There is future prospect for the implementation of RAS, but as with any novel technology, certain challenges will have to be overcome at the early stages. In this instance, there are two main issues to be addressed; the first being the learning curve in using these surgicals robots and the second which involves software and hardware problems with the robots.These issues have resulted in accidents and injuries, however it would be wrong to presume that surgery would be better off without RAS, the next building block in the future of surgical medicine. For example, laparoscopic surgery is considered a successful surgical method today experienced many patient complications in its infancy. Reports have shown that the proportion of accidents have reduced over time with increasing implementation of RAS which implies progress as surgeons are becoming more experienced with RAS. In addition, with the release of every new model of robot, it comes with several progressive improvements: less malfunctions with components parts, tightened security protocols against hacking and generally the hardware and software for the surgical robot have been optimised. Instead of focusing on the few negatives of RAS, we would serve ourselves better if we build on its many more merits. The focus should be on setting up proficient training schemes for surgeons and regulating the standard quality and requirements of these robots.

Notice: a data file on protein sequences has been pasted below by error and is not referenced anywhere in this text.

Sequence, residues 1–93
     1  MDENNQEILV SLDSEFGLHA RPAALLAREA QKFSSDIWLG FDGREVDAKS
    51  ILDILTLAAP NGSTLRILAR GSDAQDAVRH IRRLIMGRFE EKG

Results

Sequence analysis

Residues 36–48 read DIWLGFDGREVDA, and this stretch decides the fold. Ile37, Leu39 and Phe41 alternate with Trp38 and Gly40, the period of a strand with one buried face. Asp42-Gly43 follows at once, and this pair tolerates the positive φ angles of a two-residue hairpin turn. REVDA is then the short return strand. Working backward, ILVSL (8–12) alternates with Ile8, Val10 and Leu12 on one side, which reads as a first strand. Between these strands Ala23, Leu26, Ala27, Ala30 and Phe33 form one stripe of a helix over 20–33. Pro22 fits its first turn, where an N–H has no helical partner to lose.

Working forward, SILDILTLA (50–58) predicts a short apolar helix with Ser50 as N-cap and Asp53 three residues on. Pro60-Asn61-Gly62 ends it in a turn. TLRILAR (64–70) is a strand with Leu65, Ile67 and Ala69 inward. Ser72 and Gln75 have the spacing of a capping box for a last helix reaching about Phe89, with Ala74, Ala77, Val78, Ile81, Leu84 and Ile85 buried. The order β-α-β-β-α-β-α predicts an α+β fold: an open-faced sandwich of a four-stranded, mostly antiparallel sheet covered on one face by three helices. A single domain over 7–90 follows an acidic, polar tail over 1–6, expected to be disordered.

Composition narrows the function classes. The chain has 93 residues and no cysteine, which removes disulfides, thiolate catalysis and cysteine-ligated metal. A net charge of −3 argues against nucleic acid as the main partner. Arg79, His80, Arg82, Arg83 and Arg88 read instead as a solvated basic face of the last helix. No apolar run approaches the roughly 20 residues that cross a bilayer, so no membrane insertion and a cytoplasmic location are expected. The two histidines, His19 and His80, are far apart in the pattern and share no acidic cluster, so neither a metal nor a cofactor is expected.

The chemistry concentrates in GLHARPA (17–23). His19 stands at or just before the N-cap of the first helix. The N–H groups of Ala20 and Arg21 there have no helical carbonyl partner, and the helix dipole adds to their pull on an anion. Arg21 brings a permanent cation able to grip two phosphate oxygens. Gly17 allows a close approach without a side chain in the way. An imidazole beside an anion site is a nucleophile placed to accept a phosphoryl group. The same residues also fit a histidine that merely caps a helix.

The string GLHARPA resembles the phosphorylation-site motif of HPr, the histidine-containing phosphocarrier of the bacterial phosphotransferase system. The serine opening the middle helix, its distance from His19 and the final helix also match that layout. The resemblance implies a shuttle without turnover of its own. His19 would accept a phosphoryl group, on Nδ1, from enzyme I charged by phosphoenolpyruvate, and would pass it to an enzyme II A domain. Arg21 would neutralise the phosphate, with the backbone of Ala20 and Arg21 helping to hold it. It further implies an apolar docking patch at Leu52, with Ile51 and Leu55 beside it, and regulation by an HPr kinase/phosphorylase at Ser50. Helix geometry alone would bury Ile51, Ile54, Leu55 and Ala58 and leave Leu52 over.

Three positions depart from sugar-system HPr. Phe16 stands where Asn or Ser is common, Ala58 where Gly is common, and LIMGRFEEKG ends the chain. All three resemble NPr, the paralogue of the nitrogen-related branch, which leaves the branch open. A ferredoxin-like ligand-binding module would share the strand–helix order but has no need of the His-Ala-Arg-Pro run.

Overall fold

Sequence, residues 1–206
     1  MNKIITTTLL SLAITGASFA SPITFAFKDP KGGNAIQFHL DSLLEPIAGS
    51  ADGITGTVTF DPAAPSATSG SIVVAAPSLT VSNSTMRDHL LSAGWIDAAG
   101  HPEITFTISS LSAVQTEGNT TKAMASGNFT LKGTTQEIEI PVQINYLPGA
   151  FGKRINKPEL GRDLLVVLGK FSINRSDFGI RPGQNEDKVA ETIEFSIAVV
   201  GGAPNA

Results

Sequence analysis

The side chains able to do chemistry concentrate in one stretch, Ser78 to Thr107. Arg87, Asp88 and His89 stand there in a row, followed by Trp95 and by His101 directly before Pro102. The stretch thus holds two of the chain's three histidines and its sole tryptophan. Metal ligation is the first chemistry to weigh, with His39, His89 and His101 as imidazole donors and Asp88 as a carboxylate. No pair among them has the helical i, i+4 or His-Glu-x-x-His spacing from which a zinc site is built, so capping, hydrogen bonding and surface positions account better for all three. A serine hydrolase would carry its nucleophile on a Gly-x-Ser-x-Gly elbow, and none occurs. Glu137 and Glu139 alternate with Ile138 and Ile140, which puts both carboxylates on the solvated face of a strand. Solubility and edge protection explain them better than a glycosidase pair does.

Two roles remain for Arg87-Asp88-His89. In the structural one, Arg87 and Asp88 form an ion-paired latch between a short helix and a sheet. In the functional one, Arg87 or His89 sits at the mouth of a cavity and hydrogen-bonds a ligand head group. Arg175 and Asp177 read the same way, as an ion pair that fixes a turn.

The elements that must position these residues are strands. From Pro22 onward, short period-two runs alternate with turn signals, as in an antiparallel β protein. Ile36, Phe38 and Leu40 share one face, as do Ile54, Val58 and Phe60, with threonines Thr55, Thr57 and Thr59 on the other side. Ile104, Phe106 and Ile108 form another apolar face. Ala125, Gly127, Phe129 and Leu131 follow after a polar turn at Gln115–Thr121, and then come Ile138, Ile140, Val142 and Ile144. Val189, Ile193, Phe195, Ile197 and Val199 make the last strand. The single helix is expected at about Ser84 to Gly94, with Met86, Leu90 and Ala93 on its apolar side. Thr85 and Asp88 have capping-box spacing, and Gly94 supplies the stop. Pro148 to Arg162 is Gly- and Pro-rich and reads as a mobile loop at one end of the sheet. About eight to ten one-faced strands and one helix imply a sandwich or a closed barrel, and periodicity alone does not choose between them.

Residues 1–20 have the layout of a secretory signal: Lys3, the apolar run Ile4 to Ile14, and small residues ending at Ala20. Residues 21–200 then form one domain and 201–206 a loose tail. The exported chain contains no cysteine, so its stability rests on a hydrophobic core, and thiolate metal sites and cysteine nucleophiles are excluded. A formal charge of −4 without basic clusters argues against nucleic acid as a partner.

By taking advantage of the robotic advancement to full automatisation, we can take the stand of a utilitarian viewpoint to bring the greatest happiness to the greatest amount of people. In our context, this can be done by deploying autonomous robotic surgeon to hazardous environment where access to trained surgeons is not available such as the battlefield. In this way, personnel can have valuable medical access without worrying about the surgeon’s safety. Medical assets such as trained surgeons can be put to better use such as medical research. Autonomous robotic surgeons can also be stationed in rural areas where medical access is limited. This way, more people can have access to proper medicine care albeit by robot rather than having those access limited only to first-world country. Governments can then provide better medical coverage to the populace without regards to geographical obstacles. With availability to medical care, the waiting time of these essential services can also be reduced with robotics technology. Robots can be productive for a long period of time only subjected to maintenance compared to surgeons who are susceptible to fatigue which can subsequently result in error in judgement which is often fatal. Patients can be reassured that emergency care is always available at its best regardless of the demand.Undeniably, the medical robotic application hasn’t been perfected yet and accidents do occur. However, compared to the inevitable benefits that the global community can reap from this, the sacrifices along the way is all well worth it.
54: Jeffrey Bong, Obi Ossai, James Browne, Matthew King